With respect to incident response, we maintain a global incident and breach response program coordinated by our Chief Cybersecurity and Technology Risk Officer and our Chief Ethics and Compliance Officer. Our incident and breach response program follows requirements of applicable laws and recognized frameworks, such as those established by ISO and the U.S. National Institute of Standards and Technology, and applies a risk-based approach across six phases comprised of (i)
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preparation, (ii) detection, (iii) reporting and escalation, (iv) analysis and evaluation, (v) response, and (vi) post-incident activities.

Our ERM program is led by our Chief Risk Officer, who reports to our Chief Executive Officer. Our Cyber program is led by our Chief Cybersecurity and Technology Risk Officer, who reports to our Chief Technology Officer. Our C&E program is led by our Chief Ethics and Compliance Officer, who reports to our Chief Legal Officer. The collective relevant cybersecurity experience and expertise of the persons holding the positions of Chief Risk Officer, Chief Cybersecurity and Technology Risk Officer, and Chief Ethics and Compliance Officer is over 75 years, and includes multiple information security and privacy professional certifications, and various pan-industry leadership roles related to cybersecurity and data risks.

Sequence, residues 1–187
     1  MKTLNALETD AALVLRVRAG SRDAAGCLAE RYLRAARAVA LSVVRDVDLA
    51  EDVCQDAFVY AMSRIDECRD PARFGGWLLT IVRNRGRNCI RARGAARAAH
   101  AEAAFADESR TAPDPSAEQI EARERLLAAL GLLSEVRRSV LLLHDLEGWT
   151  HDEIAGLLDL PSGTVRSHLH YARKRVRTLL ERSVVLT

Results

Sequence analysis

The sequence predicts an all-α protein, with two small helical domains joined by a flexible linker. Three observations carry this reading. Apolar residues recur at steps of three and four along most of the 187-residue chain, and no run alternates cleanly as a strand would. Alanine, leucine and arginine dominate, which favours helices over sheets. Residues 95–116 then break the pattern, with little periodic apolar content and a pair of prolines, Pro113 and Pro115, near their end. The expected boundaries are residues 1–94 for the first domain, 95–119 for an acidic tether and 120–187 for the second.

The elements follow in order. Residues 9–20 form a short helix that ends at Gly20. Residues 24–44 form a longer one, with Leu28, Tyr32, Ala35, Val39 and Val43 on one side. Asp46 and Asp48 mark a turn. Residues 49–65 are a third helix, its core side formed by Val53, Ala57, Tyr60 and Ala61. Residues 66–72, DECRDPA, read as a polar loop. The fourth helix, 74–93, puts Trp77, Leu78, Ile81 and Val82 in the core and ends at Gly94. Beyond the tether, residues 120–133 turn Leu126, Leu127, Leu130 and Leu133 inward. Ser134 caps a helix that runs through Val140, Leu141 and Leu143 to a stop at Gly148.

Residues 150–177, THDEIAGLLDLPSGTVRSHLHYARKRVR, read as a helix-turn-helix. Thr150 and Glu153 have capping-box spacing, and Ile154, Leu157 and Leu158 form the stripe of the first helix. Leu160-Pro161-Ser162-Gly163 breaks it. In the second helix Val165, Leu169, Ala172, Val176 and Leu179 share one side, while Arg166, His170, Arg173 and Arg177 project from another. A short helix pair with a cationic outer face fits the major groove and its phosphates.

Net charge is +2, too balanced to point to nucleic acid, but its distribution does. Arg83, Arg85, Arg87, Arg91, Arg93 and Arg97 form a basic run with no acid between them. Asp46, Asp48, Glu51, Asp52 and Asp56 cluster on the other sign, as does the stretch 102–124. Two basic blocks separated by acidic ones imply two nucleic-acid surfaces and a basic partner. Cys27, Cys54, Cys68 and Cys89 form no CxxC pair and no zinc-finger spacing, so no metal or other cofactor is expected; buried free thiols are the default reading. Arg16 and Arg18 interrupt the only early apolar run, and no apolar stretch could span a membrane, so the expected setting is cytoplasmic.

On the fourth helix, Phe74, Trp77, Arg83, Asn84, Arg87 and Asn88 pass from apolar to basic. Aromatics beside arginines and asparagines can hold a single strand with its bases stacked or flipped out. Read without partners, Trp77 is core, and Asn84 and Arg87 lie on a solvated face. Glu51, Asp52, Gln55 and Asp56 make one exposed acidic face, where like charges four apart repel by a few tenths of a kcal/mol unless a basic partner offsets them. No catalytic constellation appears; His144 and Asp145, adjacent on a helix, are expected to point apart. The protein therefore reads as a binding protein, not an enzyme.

Our board of directors oversees risk directly and through its committees. Our audit committee is responsible for oversight of our policies and practices with respect to risk assessment and risk management including our cybersecurity and ERM programs. At each regular meeting of the audit committee of our board of directors, our Chief Risk Officer, Chief Cybersecurity and Technology Risk Officer and Chief Ethics and Compliance Officer each report on risks, controls, and risk mitigation actions to address existing and emerging cybersecurity and data risks, any incidents, and progress against the Company’s cybersecurity strategic roadmap. The audit committee provides guidance and feedback to management on areas of focus to continuously improve the programs and to mitigate our evolving risks. Our audit committee chairman reports on these discussions and other matters to our board of directors on a quarterly basis.

We do not believe that risks from cybersecurity threats, including as a result of any previous cybersecurity incidents, have materially affected or are reasonably likely to materially affect our overall business strategy, results of operations, or financial condition over the long term. See Item 1A. Risk Factors – “Data security and integrity are critically important to our business, and cybersecurity incidents, including cyberattacks, breaches of security, unauthorized access to or disclosure of confidential information, business disruption, or the perception that confidential information is not secure, could result in a material loss of business, regulatory enforcement, substantial legal liability and/or significant harm to our reputation.” for more information about these and other risks related to information security.